Introduction: How to Make Stylish Kiridashi/Utility Knife

About: I'm a maker by nature but not by profession. I do all sorts of creative stuff and I want to share these things with you. I will mainly be posting all sorts of crafts on instructables for now but maybe I'll do …

I'm not a huge knife enthusiast but couple months ago I tried making my first knife. That was a very interesting and quite simple project. Having some spare time on a weekend I tought I should make try to make another one. I have had this design stuck to my head for a long time but I never got around to making it.

The design of the knife is inspired by japanese kiridashi knives but insted of having a very simple and straight handle I wanted to add some curves still keeping the design simple. I added a groove (not sure if it's called that) for the index finger which makes the handle more comfortable. Overall I think the handle turned out very comfortable and I might do a new version of the knife with better materials and slightly improved design. The knife works well as a marking knife of as a utility knife.

Step 1: Materials and Tools


Steel - I used only cheap 3 mm thick steel I had laying around but I recommend buying proper knife steel if you are not just practicing.

Wood - Also other types of handle materials could be used


Angle grinder

Band saw

Rotary tool with small sanding drum

Belt sander

Sand paper 60, 180, 400, 800 and 2000 grit


Finish for the handle - I used brown shoe polish! (Yes, it works)

Step 2: Shaping the Blade

First I traced my design on a peace of steel. First I cut the angle of the blade I wanted (as in the picture) with an angle grinder. Then I cut most of the extra material out as small triangles to save me the trouble of grinding all of the extra steel away. Then I used a concrete grinding disk I have (which is very effective in grinding steel) to shape the rough shape of the knife. Lastly I used a dremel with a small sanding drum to smooth out the edges still leaving a little room for last grinding which I will be doing after tha handle is attached.

Step 3: Sharpening the Blade

I used a compass to mark a straight line which I will be using as a guide while trying to get a straight bevel for the knife. I only made the bevel to one side only. This gives me sharper edge. At this point you should temper the edge of your knife if you are using a steel that can be tempered (here's a good instuructable on the subject). After grinding the shape of the edge I then sanded it with wet sand paper with grits 400 to 2000 trying to get the edge as sharp as possible and the blade as polished as possible.

I also sanded the area of the blade which will be covered with the handle with maybe 60 grit sand paper to give the epoxy some more surface area to attach to. This is especially important when you have a design without pins on the handle (like this one). If you polish the steel under the handle the epoxy might not stick to it and the wood will separate from the steel eventually.

Step 4: Shaping the Handle

I drew the rough shape of the handle on my handle material. Then I cut the silhouette shape out from the material. I split the handle material from the middle to get 2 identical scales for the knife. Then I used the dremel with the sanding drum to shape the handle I had designed. I constantly tested the how the handle felt in my hand to make the handle really fit my hand perfectly. I still left some extra material for minor adjustments after the handle was attached. I had to finish the shaping of front end at this point in order to prevent the dremel causing any scratches to the polished steel.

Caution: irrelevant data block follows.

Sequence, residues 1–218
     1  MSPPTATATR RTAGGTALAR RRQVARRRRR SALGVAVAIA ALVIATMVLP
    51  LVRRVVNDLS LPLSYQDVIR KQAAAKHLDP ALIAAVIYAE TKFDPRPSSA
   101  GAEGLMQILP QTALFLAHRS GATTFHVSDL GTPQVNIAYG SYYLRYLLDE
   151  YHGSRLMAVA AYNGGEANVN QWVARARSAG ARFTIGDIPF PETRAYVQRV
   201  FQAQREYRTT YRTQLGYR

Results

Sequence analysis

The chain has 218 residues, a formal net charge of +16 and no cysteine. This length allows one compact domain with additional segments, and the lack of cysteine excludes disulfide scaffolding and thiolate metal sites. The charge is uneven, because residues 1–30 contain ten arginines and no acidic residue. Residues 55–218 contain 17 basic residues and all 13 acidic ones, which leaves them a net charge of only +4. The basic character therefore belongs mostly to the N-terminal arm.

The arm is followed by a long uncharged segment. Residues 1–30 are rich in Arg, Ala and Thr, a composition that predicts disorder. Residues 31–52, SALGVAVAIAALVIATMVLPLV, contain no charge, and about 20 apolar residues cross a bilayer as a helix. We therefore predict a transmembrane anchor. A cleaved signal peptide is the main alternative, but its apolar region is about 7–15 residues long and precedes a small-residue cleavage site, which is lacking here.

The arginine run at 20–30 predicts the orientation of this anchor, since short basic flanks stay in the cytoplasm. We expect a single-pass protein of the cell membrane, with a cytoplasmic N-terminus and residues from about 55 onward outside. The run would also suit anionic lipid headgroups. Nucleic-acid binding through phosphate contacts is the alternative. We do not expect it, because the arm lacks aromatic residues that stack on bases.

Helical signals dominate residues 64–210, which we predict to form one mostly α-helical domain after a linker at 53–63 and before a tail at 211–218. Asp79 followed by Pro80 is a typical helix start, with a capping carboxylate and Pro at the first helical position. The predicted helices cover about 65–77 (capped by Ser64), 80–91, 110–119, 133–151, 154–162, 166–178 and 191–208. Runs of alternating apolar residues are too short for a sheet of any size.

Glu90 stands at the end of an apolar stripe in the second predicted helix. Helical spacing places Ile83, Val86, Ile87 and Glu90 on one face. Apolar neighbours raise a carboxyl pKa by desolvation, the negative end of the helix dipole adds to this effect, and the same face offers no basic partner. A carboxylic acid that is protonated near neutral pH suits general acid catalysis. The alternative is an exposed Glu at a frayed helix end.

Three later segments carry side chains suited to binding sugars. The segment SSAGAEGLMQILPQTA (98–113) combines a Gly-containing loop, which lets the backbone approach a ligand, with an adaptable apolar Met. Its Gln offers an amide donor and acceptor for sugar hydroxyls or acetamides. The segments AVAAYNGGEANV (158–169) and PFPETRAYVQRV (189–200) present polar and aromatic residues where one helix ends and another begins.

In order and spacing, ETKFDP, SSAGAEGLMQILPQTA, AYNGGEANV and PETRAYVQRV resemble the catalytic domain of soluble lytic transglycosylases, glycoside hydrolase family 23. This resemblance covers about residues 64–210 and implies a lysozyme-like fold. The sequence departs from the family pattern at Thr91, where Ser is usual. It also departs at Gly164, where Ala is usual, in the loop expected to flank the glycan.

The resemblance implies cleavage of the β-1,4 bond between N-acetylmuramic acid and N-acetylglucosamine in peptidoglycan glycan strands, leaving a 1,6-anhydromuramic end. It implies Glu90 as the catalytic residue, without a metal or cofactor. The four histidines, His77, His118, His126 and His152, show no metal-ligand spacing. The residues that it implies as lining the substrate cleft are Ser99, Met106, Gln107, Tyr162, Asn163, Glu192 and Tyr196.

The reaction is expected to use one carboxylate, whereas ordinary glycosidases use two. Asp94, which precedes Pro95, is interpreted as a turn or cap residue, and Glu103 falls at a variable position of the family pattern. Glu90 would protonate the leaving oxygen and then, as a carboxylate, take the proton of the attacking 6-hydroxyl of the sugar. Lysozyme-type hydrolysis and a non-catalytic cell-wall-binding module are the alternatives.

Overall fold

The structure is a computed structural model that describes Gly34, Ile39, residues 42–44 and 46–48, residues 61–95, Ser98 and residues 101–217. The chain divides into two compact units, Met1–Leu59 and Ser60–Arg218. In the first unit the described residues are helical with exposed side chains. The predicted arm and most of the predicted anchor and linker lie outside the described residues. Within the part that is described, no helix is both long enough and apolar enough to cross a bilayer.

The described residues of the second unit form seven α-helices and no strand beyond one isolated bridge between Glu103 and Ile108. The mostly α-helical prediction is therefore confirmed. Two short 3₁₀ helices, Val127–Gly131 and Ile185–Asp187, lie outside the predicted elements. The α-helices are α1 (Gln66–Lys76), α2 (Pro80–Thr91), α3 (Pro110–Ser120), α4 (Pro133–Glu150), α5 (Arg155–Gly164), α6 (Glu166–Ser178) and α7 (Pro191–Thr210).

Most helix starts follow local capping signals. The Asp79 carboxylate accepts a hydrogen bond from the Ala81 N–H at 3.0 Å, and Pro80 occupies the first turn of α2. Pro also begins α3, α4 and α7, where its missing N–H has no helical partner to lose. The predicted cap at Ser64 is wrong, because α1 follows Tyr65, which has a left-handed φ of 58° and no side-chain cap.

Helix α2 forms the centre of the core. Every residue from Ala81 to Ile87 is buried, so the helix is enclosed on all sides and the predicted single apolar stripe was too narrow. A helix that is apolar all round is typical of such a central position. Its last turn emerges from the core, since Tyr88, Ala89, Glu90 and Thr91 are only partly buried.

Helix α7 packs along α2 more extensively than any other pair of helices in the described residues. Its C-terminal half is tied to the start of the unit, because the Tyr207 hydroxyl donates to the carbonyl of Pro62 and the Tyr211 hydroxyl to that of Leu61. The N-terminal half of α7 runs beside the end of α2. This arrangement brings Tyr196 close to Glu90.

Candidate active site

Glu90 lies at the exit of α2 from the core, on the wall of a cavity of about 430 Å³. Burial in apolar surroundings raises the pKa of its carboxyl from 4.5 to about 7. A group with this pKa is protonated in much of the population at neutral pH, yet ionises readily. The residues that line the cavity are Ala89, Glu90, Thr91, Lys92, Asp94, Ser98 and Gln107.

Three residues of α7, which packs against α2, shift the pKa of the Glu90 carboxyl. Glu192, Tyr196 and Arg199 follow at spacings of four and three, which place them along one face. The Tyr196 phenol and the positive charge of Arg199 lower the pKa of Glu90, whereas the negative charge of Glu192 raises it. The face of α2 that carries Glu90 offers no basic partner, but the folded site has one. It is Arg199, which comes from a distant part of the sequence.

Step 5: Finishing the Handle

Next I used epoxy glue to attach the scales to the knife. Be careful when applying the epoxy to the fron part of the handle. You might run into some trouble if the epoxy is squeezed on the polished surface from under the scale when pressing the scale on it's place. It might be hard to clean up the epoxy. Because I used 5 minute epoxy I didn't have to use clamps to hold the scales down. I just kept them on their places by hand until the epoxy had hardedned enough. I used 5 minute epoxy but I let it dry over night because I have learned that the epoxy is still not completetly dry after a couple of hours. If the epoxy is not dry it will block your sanding paper and you might even accidentally rub the epoxy all over the surface of your project ruining it.

After gluing the scales on their places I finished shaping the handle with the dremel. This gave me smooth transition between the steel and the wooden parts. I finished the handle first by sanding it with 400 grit paper and then I used brown shoe polish to give the wood rich brown finish.

Shoe polish was an interesting experiment and it seems to work pretty well as a finish. Not only it gave the wood a nice color but it also gave it slight shine.

Step 6: Finished Product

Now the project is finished and its time to enjoy the finished product. Because I used a lot of thime in both designing the initial plans and shaping the actual handle it fits nearly perfectly in my hand. The curved handle also makes it more comfortable than most utility knives. Comfort is a key ingredient when you want to make really precise cuts. I recommend first drawinf a design based on these pictures and then cutting that out from cardboard to give you a rough idea how the handle fits in your hands. Then you can adjust the design according to your needs and make new models from cardboard until you think the handle fits your hand.

Thank you for taking time to read my instructable. Please, leave feedback and check out the build video!